Sometimes, you have to pay for a bus ride downtown to buy a pass to ride the bus for the rest of the week.
That seeming anomaly was one of several issues that riders brought up Monday afternoon as a consulting firm hired by Wichita Transit embarked on a research project to untangle the city’s complicated fare structure.
Rider Cece Shepherd, who lives near 31st and Seneca, said she lives on disability payments and uses the bus for all her transportation needs: medical, shopping and social.
She said she prefers to use a weekly bus pass. But to buy one, she has to pay cash on the bus to ride it to the Downtown Transit Center, the only place where the passes are sold.
Dillons stores sell a 20-ride pass for the transit system, but it costs more than the weekly pass.
“If they’d get the day passes, seven-day pass or whatever down there, that would be good,” Shepherd said.
Shepherd said it would be even better to also sell bus passes through QuikTrip stores, which are numerous in Wichita and easily accessible to people who don’t have transportation
Shepherd was one of about a half-dozen members of the riding public who shared their thoughts with Paul Supawanich, a senior associate with Nelson/Nygaard, a San Francisco-based consulting firm.
Supawanich is on a two-day fact-finding trip for the consultants’ study. He spent Monday meeting with bus system staff members and users and taking a ride on a bus. On Tuesday, he’s scheduled to meet with the Transit Advisory Board and other stakeholders from the business and education communities.
He said he’s looking for commonality of issues between the people who ride the bus and the people who run them.
“It gives us an opportunity to look at things we can change and have pretty widespread support,” he said.
Staff members and riders complain of the complexity of the price structure and the difficulty in dealing with multiple levels of fares and passes.
Wichita bus fares come in three different price levels: adult, youth and senior/disabled, plus transfers if the rider needs to change buses to get to his or her destination.
In addition, there are 11 different permutations of multiday and multiride passes. They range in price from $5 for a one-day unlimited ticket to $190 for a 120-day semester pass for college students.
Supawanich said most cities he’s seen don’t have that many different price levels, but it will take some research to figure out how to simplify the fare structure without harming the system.
“There’s not one silver bullet,” he said.
In addition to wanting more places to buy bus passes, the riders also said it would be a better value if the service hours were expanded to include nights and Sundays.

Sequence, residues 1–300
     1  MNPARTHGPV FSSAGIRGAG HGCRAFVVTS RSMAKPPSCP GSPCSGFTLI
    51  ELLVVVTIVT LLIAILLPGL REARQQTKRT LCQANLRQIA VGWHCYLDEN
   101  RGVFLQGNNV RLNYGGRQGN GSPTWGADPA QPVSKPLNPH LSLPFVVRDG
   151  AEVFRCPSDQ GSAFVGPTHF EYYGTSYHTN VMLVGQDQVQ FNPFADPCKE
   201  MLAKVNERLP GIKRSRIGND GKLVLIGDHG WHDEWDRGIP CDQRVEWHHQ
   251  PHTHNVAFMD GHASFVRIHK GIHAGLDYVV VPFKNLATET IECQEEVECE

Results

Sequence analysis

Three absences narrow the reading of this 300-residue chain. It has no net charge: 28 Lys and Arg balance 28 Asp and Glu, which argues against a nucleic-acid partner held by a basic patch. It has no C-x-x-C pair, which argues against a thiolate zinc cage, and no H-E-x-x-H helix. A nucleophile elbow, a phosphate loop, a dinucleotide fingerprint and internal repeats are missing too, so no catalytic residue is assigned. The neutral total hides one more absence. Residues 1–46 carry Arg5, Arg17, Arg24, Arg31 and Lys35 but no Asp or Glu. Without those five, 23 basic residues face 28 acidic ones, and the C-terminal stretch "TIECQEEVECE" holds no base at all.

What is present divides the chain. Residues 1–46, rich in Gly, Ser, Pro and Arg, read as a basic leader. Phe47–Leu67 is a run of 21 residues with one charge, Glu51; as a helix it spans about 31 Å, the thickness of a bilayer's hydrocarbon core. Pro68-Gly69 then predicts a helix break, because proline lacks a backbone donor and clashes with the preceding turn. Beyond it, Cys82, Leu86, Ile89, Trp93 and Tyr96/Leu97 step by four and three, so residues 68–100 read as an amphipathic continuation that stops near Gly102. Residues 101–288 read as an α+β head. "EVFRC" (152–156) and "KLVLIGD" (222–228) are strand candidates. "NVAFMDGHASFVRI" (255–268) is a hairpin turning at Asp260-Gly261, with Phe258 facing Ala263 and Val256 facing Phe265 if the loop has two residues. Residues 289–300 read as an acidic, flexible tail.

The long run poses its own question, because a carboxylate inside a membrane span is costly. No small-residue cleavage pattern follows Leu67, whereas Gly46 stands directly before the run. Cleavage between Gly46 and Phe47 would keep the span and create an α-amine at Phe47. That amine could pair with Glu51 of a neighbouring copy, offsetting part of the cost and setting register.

Bus patron Marsha Hall said she doesn’t have a car and has to get a ride to church. Also, the schedule doesn’t take into account people who work jobs with irregular and night hours, she said.
Another complaint was that the cost of a pass doesn’t seem to save that much compared to paying the fare on the bus. That, the users said, discourages casual riders from becoming regular riders.
“The pricing structure, it doesn’t appear to offer a very significant discount if you buy more,” said bus user Raymond Clause. “The savings, they’re hard to find in this pricing structure. If it was a dollar or two cheaper, people might buy the passes, and then they wouldn’t feel cheated out of Sundays.
“They’d go, ‘Yeah, but I’m saving so much and it’s good for the whole month and that’s a great thing.’ ”
And nobody seemed to understand or like having to buy transfers. Heads nodded all around when it was suggested that those be eliminated.
“I think the simpler, the better,” said Chris Green, who said he’s an occasional bus rider. “I think it would make it less intimidating (for infrequent or first-time riders). If everybody knew they could get on the bus for a dollar, that might help get everyone to do that.”
Clause added that the transit system also needs to promote itself better. He said the buses are new, clean and comfortable, but, unlike more transit-dependent cities, Wichitans have been trained to “look down their nose” at people who ride them.
“It’s shameful, and I’m embarrassed for my community for this, but they think ‘The buses are for people who are poor and pathetic.’
“There’s a lot of classism in our culture here, a lot of it.”
Reach Dion Lefler at 316-268-6527 or firstname.lastname@example.org.